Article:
For over a century, the Russians have been hacking like mad into American orchestra concerts, but don’t expect any investigations. We like it that way.
Two long pulls of vodka, Sergei Rachmaninoff’s Second Piano Concerto and Modest Mussorgsky’s “Pictures at an Exhibition,” will bring the Lansing Symphony’s 2017-18 season to a banging, bell-ringing close Friday, just like the Great Gate of Kiev.
Every two years, the LSO lassos one of the world’s most promising young pianists as part of a long-standing agreement with the biannual Gilmore International Keyboard Festival in Kalamazoo.
In a sudden twist, this year’s Gilmore Young Artist, Elliot Wuu, had to withdraw from his scheduled Lansing gig. The 2014 Gilmore Young Artist, Llewellyn Sanchez-Werner, agreed to step in on less than two weeks’ notice, but he appears to be up to the job.
Sanchez Werner is only 19, but the New York native and super-precocious Juilliard graduate has already been an international phenomenon for years. He has played humanitarian gigs in Rwanda and Iraq, the latter with the Iraqi National Symphony — the first American to do so. (By coincidence, Sanchez Werner’s conductor in Iraq, Karim Wasfi, visited Lansing last week.) Sanchez Werner also performed at President Barack Obama’s 2013 Inauguration Concert. True to form, he’ll arrive to Lansing fresh from a tour of Europe and Abu Dhabi.
If you want to perk up the Rachmaninoff Second, one of the most familiar works in the repertoire, there’s no better way than to bring in a remarkable young artist who hasn’t had time to get jaded over it, but seems able to tackle anything in the repertoire, from Beethoven to the thorniest thickets of Charles Ives.
The concerto itself was a dramatic comeback from depression and writer’s block that deflated Rachmaninoff after critics savaged his first symphony. A visit to Leo Tolstoy didn’t help — the great writer told Rachmaninoff his music wasn’t necessary to the world. Nice man.
It took years of therapy, including hypnosis, for Rachmaninoff to re-inflate. He dedicated the concerto to his therapist-physician, Nikolai Dahl.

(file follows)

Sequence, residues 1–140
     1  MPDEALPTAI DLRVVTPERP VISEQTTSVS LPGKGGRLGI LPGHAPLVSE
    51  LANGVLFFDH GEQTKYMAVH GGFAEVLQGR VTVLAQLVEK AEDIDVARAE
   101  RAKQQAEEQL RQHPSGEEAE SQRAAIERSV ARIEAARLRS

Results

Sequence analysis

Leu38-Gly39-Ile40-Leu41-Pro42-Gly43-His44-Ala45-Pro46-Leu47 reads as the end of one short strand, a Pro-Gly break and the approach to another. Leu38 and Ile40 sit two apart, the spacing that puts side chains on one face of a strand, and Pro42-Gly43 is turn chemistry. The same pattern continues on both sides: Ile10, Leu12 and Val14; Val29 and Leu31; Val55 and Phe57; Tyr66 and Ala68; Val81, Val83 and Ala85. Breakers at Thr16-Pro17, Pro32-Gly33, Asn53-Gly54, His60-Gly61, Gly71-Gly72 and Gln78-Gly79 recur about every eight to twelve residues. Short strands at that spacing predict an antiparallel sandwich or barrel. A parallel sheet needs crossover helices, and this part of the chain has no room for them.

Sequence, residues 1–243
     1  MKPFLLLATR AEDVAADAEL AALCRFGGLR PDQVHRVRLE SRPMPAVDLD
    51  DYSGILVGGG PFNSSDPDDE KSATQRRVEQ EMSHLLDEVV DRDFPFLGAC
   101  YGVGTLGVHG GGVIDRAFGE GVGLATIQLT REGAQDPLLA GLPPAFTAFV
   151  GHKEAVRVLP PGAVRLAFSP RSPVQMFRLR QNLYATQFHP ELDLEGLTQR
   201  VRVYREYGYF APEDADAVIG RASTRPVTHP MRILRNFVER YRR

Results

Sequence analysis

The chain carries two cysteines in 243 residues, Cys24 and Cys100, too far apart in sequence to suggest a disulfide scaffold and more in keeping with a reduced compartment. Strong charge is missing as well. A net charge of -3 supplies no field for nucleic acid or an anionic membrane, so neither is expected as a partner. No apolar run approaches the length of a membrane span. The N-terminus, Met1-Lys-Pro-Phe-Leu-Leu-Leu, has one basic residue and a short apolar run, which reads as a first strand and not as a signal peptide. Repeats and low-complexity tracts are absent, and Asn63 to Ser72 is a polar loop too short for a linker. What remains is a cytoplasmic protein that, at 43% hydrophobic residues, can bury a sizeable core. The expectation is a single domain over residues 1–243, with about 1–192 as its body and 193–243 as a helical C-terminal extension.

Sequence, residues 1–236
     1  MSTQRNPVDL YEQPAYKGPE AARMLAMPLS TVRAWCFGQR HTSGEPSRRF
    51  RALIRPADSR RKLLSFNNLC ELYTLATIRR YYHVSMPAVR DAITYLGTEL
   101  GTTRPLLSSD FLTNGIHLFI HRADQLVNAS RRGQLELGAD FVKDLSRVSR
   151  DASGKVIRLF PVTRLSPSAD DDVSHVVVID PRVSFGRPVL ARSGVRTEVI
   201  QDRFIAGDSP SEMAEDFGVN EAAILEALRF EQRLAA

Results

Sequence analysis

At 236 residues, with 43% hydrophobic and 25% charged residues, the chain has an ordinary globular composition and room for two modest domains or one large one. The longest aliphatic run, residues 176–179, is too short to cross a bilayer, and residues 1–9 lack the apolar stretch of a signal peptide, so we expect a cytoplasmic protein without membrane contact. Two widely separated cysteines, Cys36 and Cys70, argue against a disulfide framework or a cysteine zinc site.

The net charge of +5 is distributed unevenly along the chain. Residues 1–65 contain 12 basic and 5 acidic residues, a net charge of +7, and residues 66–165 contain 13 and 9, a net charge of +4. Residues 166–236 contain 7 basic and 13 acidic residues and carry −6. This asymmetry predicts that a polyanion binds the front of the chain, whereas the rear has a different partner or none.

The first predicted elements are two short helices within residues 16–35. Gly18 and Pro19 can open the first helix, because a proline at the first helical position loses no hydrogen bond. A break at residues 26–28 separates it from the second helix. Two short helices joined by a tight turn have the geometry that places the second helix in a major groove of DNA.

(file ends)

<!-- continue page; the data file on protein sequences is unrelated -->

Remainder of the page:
This is the concerto you know even if you think you don’t. A languorous tune in the slow movement got a lot of play in the 1970s in a weepy pop dirge, “All By Myself” by Eric Carmen. Two 1940s Frank Sinatra tunes (“Full Moon and Empty Arms” and “I Think of You”) were cloned from the concerto’s waxy vines of melody. Pop artists still steal from it now and then.
Balancing the familiar concerto Friday night is a new piece by Chinese-born composer Zhou Tian, who joined the MSU faculty in 2016.
“Trace” is a tragic reimagining of the old cities and traditional ways of life wiped out by the rapid industrialization that has swept China in the past 20 years. Among these lost places is a 2,000-year-old city wall that once sheltered Tian’s hometown of Hangzhou.
Tian uses changes in key to suggest time travel as the music drifts into the past, swelling to mighty proportions and enlivened by a traditional Chinese tune before dissolving into memory.
LSO conductor Timothy Muffitt called Tian a “fresh voice in music.”
“Last year he sent me samples of his music and I find it to be really engaging and spiritual and colorful,” Muffitt said. “He descends from the line of Debussy and Ravel, not that his music sounds like that, but it’s that kind of vivid color and powerful sense of atmosphere.”
The evening (and season) closer, “Pictures at an Exhibition,” is a brilliantly paced series of vignettes, based on a series of paintings ranging in mood from shock (the ride of the witch Baba Yaga) to schtick (stereotypically chattering marketplace women and quaint old Jews) to sheer spectacle (the great gate of Kiev and the “Boris Godunov”-like ceremony surrounding it). But pictures are hardly the point. Muffitt and the crew will have a chance to shoot off all the sonic fireworks on its barge before the summer break.
Lansing Symphony Orchestra
Llewellyn Sanchez-Werner, piano 8 p.m. Friday, May 11 Wharton Center Cobb Great Hall $20-55